I kept putting my hands down trying to feel if I was actually having a bowel movement or if it was a baby. Paul mentioned that he was starting to see a lot of blood, and that scared me. Thoughts of placental abruption filled my head, and I anxiously told him to call the midwife. He tried both the midwife’s direct number to no avail, and then we had the answering service ring her (which they were unable to as well – when we talked to her later she said she had no idea why, because her phone was on and right next to her… technology!).
I felt a mass in the birth canal and I think that’s when I started to realize the baby was coming. Paul says he saw the top of her head, and he said, “Get on your hands and knees!” He told me that several times, and I moved myself to my hands and knees. Paul was behind me, and as the baby slid out he caught her and said all sorts of loving, soothing things as she started to cry. I couldn’t move at all – I felt like my muscles were gone. I looked over at one point and saw Savannah standing in the doorway looking quite terrified. I asked Paul if she’d been there the whole time, and he said yes.
I can’t remember the exact sequence of events, but everything was much calmer this time. Paul seemed to react as if he dealt with this every day. He got me to lay down and handed me the baby, who I immediately put on my chest for some skin to skin. She was covered in vernix, which I set about rubbing into her skin while trying to keep her warm with my own body heat. Paul called Tracy, who had just pulled up to the hospital, and she immediately got back on the highway and headed toward our house. (Fortunately, being 5:30am there was no traffic!) Shoshanah arrived about 10 minutes later to get Savannah. Paul met her downstairs and told her the baby had already been born. I was SO relieved she was there because not only is she a friend who has delivered two babies of her own, but she is also an ER nurse. She was completely nonplussed at the scene in our bedroom, or the sight of me laying there completely naked and covered with blood. Tracy arrived shortly thereafter, and she also was completely on top of things. She and Shoshanah checked the baby to make sure everything was okay, and set about wrapping us in towels and helping me deliver the placenta. Tracy checked me for tearing, and confirmed that I would need to be stitched up, so we debated about what to do since we still hadn’t heard from the midwife. We finally called another midwife (the owner of the practice) and told her what had happened, and she told us she’d arrange things with the hospital so that we could get down there and get everything taken care of.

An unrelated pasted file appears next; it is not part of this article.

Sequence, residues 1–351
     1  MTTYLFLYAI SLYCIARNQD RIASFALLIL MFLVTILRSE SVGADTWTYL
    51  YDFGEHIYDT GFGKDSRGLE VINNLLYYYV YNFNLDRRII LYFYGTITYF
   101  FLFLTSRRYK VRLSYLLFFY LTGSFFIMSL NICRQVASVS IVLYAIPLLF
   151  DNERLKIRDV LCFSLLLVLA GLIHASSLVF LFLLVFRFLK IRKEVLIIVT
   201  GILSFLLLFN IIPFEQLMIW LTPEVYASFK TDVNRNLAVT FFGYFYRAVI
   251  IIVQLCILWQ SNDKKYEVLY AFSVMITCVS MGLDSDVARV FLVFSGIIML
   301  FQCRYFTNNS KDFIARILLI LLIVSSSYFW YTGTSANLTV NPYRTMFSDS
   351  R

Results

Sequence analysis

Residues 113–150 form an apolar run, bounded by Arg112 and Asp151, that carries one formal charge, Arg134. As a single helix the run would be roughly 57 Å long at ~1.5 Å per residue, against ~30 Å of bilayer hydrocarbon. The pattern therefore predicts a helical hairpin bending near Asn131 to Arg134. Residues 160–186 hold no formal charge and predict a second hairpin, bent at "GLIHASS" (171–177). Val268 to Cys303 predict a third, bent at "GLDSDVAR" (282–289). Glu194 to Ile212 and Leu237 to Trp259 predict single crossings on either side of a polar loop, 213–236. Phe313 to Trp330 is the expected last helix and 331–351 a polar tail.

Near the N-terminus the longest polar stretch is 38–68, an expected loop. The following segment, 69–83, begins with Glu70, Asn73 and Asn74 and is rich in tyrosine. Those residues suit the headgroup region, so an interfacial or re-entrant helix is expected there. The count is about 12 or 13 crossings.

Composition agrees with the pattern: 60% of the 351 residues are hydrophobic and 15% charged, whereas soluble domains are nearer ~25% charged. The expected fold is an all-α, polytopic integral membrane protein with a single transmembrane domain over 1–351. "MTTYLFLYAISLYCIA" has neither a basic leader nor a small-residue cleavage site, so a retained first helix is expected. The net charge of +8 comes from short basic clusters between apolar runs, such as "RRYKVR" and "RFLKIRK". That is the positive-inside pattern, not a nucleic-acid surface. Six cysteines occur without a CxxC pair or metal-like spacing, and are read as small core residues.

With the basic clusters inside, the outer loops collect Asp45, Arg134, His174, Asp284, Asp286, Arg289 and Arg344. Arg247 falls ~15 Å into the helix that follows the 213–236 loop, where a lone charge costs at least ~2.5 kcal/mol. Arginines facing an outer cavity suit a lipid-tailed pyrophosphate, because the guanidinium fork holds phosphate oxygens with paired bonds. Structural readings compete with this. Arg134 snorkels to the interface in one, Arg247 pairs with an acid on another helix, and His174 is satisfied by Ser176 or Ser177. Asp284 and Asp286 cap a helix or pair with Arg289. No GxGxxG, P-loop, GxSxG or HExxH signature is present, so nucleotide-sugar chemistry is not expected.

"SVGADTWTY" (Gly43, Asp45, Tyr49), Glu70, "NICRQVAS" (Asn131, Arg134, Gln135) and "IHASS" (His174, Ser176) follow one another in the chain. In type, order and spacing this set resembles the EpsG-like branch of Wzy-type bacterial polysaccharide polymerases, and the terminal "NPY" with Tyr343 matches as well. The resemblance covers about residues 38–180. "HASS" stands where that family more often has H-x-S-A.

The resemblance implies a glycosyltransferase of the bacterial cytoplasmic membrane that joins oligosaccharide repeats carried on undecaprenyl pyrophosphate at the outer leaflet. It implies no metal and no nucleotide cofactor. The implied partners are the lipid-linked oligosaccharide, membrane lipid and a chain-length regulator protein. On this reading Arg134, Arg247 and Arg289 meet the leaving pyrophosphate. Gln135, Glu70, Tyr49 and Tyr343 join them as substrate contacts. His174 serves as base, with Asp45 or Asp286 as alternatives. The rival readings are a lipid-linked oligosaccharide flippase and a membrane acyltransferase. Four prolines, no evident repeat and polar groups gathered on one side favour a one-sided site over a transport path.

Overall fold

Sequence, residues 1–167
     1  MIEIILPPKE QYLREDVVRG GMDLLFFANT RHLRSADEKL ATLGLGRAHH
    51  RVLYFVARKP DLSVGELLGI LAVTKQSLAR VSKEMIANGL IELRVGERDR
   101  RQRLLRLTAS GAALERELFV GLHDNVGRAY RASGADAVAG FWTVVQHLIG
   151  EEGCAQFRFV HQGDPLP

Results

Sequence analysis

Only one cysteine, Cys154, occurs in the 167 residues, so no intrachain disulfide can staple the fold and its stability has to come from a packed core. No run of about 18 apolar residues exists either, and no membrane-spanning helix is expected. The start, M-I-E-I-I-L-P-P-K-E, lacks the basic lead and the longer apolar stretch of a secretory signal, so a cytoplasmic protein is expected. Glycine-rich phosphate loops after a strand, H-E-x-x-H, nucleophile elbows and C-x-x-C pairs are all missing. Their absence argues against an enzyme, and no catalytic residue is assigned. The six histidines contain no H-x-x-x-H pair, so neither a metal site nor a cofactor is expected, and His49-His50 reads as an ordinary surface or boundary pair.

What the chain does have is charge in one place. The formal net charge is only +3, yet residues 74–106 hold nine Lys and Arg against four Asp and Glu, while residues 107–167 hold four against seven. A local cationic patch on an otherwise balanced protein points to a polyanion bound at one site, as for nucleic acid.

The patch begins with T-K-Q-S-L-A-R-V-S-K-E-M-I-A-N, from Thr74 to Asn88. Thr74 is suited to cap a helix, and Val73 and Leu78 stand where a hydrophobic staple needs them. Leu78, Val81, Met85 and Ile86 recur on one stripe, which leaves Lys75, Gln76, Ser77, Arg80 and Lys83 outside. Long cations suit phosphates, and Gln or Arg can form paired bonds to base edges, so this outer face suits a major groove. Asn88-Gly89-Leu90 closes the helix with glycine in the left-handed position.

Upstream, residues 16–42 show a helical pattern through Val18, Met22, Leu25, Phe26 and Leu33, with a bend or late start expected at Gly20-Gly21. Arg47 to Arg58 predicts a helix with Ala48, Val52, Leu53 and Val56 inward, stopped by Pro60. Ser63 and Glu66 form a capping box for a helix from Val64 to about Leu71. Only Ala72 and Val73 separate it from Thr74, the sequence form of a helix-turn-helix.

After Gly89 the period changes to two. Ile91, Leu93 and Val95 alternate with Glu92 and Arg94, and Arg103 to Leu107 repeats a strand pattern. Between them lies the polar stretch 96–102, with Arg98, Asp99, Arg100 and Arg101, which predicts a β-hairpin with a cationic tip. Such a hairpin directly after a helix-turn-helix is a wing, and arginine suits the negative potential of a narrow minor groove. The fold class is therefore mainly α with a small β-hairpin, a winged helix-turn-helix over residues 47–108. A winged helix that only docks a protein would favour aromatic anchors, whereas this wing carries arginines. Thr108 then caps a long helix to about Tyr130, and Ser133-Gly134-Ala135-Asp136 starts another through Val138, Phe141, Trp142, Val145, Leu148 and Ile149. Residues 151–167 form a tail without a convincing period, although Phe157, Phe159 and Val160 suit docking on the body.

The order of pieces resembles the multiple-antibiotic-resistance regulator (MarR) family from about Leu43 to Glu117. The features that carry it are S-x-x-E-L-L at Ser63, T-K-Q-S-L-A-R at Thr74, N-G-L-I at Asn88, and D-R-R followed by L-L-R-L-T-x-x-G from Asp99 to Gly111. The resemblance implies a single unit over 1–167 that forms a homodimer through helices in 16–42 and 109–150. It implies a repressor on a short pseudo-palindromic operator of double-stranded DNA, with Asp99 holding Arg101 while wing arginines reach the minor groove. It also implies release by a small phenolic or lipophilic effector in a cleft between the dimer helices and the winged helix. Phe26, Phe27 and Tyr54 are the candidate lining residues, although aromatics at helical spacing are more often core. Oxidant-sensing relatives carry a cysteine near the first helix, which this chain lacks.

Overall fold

Tracy and Shoshanah helped me out of bed and into some clothes, and helped me go downstairs. Then they collected all the sheets and towels we’d used and threw them in the wash. I was SO appreciative! And if you were wondering while all this was happening… After watching the baby being born, Savannah went back into her room where Paul found her sitting on her bed staring wide-eyed. She was quite traumatized! He held her as much as he could while he walked around the house, getting things for Tracy and Shoshanah. At one point I got a few minutes on the couch and I invited Savannah over to come look at the baby. She wasn’t quite sure what to make of everything. She saw the placenta in a plastic bag next to me and said, “What’s that, Mommy?” I then tried to explain to her the purpose of a placenta, which was a little over her head I think. I told her what was going on and that she was going to go home with Shoshanah, and by the time it was ready to go, she went willingly which relieved me greatly.
We went to the hospital, Tracy following us in her car. It was SO nice to have her there – just another comforting presence to add to my piece of mind. (When things like this happen, I tend to prefer to be told what to do by someone I trust.) They wheeled me to L&D and met the midwife there. We told her the whole story, she apologized about her phone messing up, and then she checked me for tears. Like after Savannah’s birth, this was incredibly painful and I’m so grateful for Tracy’s presence.
After getting stitched up, we were taken to a postpartum room. I am happy to say that I did not pass out this time!
I am not sure how I feel about the whole experience. I have heard that fast labors (mine was 2.5 hours) can be very difficult for the mother because of their intensity – which is definitely what happened with me. Perhaps it’s because I’m in the midst of it right now, but I feel that the recovery has been so much more painful. I feel a little embarrassed at having two unplanned homebirths – I promise this was not on purpose! With this baby, I definitely never felt that mother gut “I need to get to the hospital” that I felt with Savannah. In fact I didn’t want to leave at all! I think next time I should just plan a homebirth. ;-)